Friday, October 14, 2011

Babies' Firsts: How babies learn to crawl

In a previous post, we asked our readers to share stories about when and how their babies learned to crawl. Several readers responded and the comments provided an excellent example of the most important information about crawling – all babies are different and there isn’t a set age or way that all babies learn to crawl. When someone describes a baby who is crawling, most people imagine a baby on her hands and knees, but some babies never crawl this way. In fact, some babies never crawl at all and are content to roll or scoot around until they learn to walk.  Our readers’ children learned to crawl at all different ages, ranging from 6 to 12 months and each had their own way of moving that worked for them. For example, one of our readers explained that because they have hardwood floors in her house, her baby moved backwards first and even after she learned to crawl on her hands and knees, it was easier for her to army crawl.

Today, we’ll describe the different types of movements that can be considered crawling.  As you are reading, keep in mind that babies don’t necessarily use each of these types of movement to get around and that the ages provided are just averages. If you have concerns about your baby’s physical development, contact your pediatrician.

Pivoting
Pivoting is just what it sounds like – turning the body with the tummy on the ground. When pivoting, a baby will have her head up and her legs stretched out and she’ll use her arms and legs to pivot while curling her body. Some babies begin pivoting around 4 months of age and 50% and 90% master this ability by 6 and 8 months, respectively.

Four-Point Kneeling
Four-Point Kneeling is when a baby is able to support her weight on her hands and knees. While this is more of a stationary ability that needs to be mastered before learning to crawl on the hands and knees, babies in this position may rock back and forth and  even fall forward if they rock with enough momentum.  Fifty percent of babies can hold themselves up in this position by 7 months and 90% by 9 months. Although they may be unsteady at first, within about a month they become much more stable.  

Reciprocal crawling
In our house we call it the army crawl, moving forward by putting weight on one arm and the opposite leg and then switching to the other arm and leg, but not lifting the entire body up off the floor. Fifty percent are able to crawl this way at 7.5 months and 90% are able to by about 9 months.

Reciprocal Creeping
Reciprocal creeping is what most people consider crawling; the baby’s weight will be on hand and opposite knee and she’ll move by shifting weight from one hand and leg to the others. Fifty and 90% are able to crawl this way by 8.5 and 11 months, respectively.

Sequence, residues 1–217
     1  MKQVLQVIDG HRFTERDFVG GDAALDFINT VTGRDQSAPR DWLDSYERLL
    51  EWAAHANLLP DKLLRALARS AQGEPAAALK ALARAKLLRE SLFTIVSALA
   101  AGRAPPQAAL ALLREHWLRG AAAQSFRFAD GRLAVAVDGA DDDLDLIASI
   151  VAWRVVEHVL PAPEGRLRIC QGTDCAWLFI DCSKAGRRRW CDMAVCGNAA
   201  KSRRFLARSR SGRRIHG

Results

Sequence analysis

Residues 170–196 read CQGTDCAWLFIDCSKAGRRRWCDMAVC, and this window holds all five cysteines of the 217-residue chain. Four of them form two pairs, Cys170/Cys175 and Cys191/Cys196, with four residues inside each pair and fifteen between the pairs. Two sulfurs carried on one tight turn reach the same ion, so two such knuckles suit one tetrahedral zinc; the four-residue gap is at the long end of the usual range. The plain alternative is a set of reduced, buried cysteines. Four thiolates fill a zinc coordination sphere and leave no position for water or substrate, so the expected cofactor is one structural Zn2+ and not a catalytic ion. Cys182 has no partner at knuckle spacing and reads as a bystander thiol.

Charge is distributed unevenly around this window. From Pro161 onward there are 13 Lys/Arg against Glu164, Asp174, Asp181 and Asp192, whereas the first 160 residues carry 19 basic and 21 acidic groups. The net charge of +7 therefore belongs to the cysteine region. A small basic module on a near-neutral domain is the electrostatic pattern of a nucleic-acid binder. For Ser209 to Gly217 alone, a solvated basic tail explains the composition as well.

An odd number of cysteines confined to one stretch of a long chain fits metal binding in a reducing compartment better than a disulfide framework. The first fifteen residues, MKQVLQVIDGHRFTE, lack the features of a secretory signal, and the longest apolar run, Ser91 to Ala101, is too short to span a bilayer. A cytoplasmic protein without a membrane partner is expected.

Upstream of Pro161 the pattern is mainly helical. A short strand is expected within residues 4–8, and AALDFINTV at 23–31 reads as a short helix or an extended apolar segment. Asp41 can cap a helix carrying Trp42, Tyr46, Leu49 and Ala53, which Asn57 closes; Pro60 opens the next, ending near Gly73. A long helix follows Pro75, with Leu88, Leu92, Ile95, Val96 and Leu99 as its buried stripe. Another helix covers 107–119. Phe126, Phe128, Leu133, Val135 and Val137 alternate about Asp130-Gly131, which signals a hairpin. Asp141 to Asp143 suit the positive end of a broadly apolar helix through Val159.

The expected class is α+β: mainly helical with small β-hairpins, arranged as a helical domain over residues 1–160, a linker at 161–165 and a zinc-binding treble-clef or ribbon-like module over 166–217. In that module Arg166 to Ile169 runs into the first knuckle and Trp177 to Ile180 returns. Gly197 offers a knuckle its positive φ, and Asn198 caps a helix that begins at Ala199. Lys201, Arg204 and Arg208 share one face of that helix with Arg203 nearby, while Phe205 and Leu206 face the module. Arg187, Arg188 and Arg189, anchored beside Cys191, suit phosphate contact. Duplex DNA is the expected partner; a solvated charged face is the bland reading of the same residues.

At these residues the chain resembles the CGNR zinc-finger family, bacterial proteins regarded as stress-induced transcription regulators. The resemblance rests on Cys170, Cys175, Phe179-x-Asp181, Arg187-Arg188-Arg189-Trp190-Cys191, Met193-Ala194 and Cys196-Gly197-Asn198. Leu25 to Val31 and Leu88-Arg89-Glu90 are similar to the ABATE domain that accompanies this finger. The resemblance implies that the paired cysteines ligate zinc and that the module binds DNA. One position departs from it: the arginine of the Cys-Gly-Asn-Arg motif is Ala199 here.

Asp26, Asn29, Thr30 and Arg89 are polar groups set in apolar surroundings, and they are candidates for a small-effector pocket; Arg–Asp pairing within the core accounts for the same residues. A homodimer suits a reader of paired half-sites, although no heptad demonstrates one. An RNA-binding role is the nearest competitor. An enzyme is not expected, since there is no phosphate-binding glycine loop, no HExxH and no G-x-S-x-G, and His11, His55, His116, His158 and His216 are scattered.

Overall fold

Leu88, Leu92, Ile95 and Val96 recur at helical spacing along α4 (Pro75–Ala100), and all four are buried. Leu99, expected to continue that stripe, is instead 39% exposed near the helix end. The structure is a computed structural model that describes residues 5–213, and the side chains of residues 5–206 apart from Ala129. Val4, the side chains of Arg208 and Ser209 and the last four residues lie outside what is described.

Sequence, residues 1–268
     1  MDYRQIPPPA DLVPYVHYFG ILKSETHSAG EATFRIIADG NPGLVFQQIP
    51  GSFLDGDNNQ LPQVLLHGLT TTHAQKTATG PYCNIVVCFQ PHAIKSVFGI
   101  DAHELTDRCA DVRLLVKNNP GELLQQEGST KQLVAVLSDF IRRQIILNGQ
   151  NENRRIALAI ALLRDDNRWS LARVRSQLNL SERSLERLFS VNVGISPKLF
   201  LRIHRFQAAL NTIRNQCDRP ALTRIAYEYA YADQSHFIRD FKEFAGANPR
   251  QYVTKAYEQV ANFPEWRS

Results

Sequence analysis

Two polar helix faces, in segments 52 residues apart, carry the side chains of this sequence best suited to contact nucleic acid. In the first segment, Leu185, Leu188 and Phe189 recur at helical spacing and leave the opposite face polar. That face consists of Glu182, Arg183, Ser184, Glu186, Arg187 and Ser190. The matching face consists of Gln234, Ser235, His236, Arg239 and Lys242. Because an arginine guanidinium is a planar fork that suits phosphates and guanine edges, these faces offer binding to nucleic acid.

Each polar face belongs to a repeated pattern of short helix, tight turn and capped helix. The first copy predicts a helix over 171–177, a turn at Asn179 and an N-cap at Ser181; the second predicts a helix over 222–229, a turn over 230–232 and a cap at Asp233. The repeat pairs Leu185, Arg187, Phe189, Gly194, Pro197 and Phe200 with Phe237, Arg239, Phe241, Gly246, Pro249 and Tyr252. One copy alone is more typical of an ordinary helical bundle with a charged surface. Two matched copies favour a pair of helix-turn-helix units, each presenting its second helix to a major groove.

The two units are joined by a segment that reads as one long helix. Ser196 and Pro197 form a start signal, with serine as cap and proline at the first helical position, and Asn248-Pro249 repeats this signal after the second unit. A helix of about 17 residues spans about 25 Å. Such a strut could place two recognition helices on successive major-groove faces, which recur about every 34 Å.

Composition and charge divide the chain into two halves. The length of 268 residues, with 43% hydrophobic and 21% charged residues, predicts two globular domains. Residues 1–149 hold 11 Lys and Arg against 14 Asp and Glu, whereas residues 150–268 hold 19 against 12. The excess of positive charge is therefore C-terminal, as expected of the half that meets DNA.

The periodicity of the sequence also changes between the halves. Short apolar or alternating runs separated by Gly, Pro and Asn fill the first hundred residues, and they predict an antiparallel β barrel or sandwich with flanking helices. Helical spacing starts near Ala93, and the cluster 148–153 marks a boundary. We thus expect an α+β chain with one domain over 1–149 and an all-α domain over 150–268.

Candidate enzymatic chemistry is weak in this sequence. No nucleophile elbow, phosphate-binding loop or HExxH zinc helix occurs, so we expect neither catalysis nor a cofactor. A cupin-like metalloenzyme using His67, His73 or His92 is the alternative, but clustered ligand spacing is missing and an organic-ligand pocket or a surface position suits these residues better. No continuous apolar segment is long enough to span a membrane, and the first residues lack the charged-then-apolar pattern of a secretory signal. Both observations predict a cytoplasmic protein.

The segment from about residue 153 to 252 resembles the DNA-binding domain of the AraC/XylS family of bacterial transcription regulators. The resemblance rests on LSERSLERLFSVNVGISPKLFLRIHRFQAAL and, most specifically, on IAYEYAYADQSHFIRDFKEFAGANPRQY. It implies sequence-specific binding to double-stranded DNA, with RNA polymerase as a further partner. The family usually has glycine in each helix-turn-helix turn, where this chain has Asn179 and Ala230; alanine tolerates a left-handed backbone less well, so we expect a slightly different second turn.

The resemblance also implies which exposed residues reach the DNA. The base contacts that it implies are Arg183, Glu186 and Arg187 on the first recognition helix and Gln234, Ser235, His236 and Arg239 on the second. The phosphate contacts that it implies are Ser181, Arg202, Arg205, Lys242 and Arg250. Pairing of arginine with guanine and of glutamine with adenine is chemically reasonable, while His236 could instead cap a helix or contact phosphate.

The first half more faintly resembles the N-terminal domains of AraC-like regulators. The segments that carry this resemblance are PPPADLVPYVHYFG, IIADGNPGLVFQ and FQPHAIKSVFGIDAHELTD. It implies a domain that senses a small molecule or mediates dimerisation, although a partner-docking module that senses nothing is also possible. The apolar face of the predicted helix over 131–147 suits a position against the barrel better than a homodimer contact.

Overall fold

Just like our readers, our children all had their own ways to move. Jen G’s daughter, Lily, mastered crawling on her hands and knees at 8 months, and Olivia, Jen B’s oldest daughter, army-crawled until 12 months. Charlotte (Jen B’s youngest daughter) started crawling army-style at 5.5 months, was up on her hands and knees one week later, and has recently (at 10 months of age) began moving around on her hands and feet. No matter how your baby learns to get around, one thing is for sure, once they start moving, it’s hard to keep them still!

Reference:  Piper M, Darrah J. Motor Assessment of the Developing Infant. Philadelphia PA:W.B. Saunders Company 1994.

3 comments:

  1. My daughter Lyra is 5 months and 2 weeks and is sitting unsupported, I attempted to put her on her front for tummy time today and she pulled her knees up as I put her down and supported herself in the four point kneeling position and then began rocking back and forth!I'm so proud of her!

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  2. My daughter Sophie turned 5 months old on October 11th and she has been rolling from back to tummy and tummy to back for several weeks. She could push up with her arms last week and she also learned to pivot a few days after. Tonight she lifted her butt into the air and then put her head down and pushed up on her arms. She rocked back and forth and moved a little each time and she started over again. I'm so proud. Now that she can bear weight on her hands and knees, she's going to crawl really soon I think. :) She's still wobbly sitting up because she's so hyper is always wanting to go somewhere.

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  3. My son is 4 months old (18 weeks) and has been rolling from tummy to back and back to tummy purposefully for a few weeks now. He just went up on his elbows and knees yesterday and will rock back and forth. His tummy is off the ground. He rocked hard enough to crash forward today. I think he'll crawl soon. So excited! I can't believe he's doing this so early! I better baby proof the house now!

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